Gov. Abbott faces backlash after calling Cleveland, Texas, shooting victims 'illegal immigrants'

The manhunt continues for the person accused of killing five people, including a mother and her nine-year-old son in Cleveland, Texas, northeast of Houston. 

Governor Abbott is now facing backlash for calling the victims "illegal immigrants" in a statement and on social media.

There is also an $80,000 reward for information leading to the arrest of the suspect. 


Ed Espinosa, Democratic analyst, and Matt Mackowiak, chair of the Travis County GOP, joined FOX 7 Austin's Mike Warren to discuss.

MIKE WARREN: Ed, what do you think about the governor making it about immigration?

ED ESPINOZA: You know, for a horrible tragedy like this, it's very upsetting that the top politician in Texas would make this about illegal immigration their docket. This, whether they're there documented, doesn't mean they're going to be any less dead or alive when a bullet comes flying at them. But aside from the fact that not all of them were undocumented, I think it was an irrelevant thing to put in the news release. But he did it because this is part of his political agenda, and it's shameful.

MIKE WARREN: Matt Mackowiak, what do you make of that, talking about immigration status among the victims?

MATT MACKOWIAK: Yeah, I would agree that, that among the victims, their immigration status is not a relevant fact. You could perhaps make an argument that if we had an effective border security and legal immigration system, that illegal immigrants here who were the victim of crimes might not have been victimized. Setting that aside to me, that again, that's fairly irrelevant. What I think is relevant is the immigration status of the gunman. The fact that he's been deported four times was able to regain entry. How was he able to get a weapon if he's not a non-illegal citizen and if he's already entered the country and deported four times? To me, I think that is relevant. That is something I don't think Democrats want to talk about, and that is something that needs a lot more inspection.

MIKE WARREN: Ed Espinoza, what do you make of those questions that Matt has posed? 

ED ESPINOZA: Well, I think that we can talk about whether he got to have access to a gun because he was undocumented. But the shooter in Sutherland Springs wasn't undocumented. The shooter in Walmart in El Paso wasn't undocumented. The shooter in so many of these places are not undocumented. The Uvalde shooter wasn't. The problem isn't the immigration. The problem is the unfettered access to guns and how proliferate prolific they are in this state. This is really a problem that unfortunately, this tragedy that we saw and of course, the tragedy we saw is going to happen again. The odds are that it will happen again. The way to stop this is to address the gun violence.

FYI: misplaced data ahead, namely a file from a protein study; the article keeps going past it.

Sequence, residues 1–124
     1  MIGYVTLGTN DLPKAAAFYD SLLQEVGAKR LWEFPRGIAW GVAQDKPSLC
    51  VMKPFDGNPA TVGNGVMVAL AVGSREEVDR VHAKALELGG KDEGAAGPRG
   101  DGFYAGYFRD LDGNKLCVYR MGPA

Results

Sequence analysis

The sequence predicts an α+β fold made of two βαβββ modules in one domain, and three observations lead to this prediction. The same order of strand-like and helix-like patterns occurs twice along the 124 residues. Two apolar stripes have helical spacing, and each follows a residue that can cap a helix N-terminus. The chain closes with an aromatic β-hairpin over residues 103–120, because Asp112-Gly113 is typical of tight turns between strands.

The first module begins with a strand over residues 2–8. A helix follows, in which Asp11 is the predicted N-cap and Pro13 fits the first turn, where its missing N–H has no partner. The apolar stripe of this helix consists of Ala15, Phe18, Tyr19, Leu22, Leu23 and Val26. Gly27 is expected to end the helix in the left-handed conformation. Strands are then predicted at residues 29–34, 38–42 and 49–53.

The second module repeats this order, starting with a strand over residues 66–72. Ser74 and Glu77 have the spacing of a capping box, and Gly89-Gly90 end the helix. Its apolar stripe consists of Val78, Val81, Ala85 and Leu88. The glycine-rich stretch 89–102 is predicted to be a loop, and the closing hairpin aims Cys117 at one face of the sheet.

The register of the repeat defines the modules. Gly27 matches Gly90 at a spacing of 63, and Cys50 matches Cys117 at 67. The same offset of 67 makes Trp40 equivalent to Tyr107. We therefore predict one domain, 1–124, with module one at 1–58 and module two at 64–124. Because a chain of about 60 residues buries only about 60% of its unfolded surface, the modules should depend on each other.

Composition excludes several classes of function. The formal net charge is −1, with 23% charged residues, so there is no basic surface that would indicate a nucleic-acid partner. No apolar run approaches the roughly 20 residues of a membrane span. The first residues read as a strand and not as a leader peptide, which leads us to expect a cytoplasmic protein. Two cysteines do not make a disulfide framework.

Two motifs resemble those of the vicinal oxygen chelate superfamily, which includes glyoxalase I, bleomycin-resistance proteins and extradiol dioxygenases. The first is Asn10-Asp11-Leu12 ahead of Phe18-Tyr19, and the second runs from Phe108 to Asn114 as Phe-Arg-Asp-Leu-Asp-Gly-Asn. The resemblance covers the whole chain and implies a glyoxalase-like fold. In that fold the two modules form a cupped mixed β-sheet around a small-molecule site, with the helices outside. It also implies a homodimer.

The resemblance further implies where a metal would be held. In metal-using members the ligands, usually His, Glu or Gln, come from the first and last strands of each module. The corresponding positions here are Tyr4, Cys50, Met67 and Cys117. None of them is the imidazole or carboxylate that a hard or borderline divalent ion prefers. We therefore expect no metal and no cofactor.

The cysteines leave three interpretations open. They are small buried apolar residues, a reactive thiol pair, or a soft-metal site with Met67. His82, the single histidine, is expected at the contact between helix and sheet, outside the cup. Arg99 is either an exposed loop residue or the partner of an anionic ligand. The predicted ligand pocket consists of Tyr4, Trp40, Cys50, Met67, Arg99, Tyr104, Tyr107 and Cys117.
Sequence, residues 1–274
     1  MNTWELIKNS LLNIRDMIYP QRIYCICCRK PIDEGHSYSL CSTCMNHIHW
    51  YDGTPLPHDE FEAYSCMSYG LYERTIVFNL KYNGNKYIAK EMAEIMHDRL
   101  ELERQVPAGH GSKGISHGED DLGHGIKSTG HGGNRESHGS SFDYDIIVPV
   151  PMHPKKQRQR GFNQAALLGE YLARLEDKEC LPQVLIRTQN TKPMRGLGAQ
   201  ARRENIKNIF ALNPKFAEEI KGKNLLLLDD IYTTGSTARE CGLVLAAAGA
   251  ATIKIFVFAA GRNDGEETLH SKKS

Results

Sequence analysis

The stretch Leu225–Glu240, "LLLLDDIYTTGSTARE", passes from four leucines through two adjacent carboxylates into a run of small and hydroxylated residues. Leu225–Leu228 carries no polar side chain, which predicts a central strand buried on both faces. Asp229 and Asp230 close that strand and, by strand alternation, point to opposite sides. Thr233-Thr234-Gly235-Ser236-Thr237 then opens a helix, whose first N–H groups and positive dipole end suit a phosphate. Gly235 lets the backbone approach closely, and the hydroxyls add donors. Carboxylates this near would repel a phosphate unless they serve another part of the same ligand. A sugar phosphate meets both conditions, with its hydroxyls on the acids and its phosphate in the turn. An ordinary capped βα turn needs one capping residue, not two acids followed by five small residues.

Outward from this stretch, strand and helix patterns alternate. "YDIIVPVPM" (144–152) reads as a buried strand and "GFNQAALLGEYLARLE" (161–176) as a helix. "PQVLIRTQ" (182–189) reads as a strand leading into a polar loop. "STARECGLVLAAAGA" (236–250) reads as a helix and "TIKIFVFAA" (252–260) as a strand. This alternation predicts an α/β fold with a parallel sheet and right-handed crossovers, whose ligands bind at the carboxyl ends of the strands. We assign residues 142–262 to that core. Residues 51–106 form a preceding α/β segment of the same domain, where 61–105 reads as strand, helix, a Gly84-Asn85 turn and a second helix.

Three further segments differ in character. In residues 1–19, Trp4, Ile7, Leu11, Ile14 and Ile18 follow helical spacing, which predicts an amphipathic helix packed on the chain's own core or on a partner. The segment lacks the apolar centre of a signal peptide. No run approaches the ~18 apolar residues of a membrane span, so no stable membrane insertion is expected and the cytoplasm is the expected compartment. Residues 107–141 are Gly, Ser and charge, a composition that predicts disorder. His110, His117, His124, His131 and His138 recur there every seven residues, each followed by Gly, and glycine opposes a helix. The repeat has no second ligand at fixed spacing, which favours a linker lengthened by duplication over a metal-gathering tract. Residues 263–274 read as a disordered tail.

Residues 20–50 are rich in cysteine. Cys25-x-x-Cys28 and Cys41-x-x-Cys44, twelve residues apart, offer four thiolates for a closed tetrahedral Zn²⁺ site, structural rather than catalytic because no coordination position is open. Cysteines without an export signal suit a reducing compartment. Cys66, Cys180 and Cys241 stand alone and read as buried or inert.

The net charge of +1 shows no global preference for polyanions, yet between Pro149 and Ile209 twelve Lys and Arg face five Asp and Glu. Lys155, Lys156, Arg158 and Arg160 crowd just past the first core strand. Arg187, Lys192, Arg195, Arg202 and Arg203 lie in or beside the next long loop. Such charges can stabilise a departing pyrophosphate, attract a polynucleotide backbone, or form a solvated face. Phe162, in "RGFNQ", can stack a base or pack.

MIKE WARREN: Ed, just a quick follow. This suspect was deported four times, and just seems to be coming back and forth. Is security of the border a question in this worth looking at?

ED ESPINOZA: Sure, of course it is. I think that border security is an issue and immigration is an issue as well. It is not the only issue when it comes to gun violence. So if Governor Abbott wants to say that immigration is the cause for gun violence, of course that's outrageous. Gun violence happens to anyone and everyone and more often not to people, regardless of their status. 

MIKE WARREN: You know, Matt Mackowiak, obviously we've been talking all about this, but when something like this happens, is it right to even talk about political issues? 

MATT MACKOWIAK: Well, one of the challenges we have is that obviously every one of these mass shooting incidences is unique. The fashion unique circumstances are unique. And so when we look at one individual case, and we try to develop laws or policies that can prevent the next one will the next one will be the same as this one. So it is frustrating at this point. I do think there are also some questions to be asked about the police response. Family members of the victims have indicated that they called several times that they were told there are police already on the scene. So I don't I don't know exactly what happened there. We just hope now that with more than 250 law enforcement officials engaged in the manhunt, we can bring this dangerous person in and arrest them and protect the public going forward. 

ED ESPINOZA: Agree with Matt. 

MIKE WARREN: Okay, gentlemen, we got to wrap it up here. Ed, Matt, thank you both very much.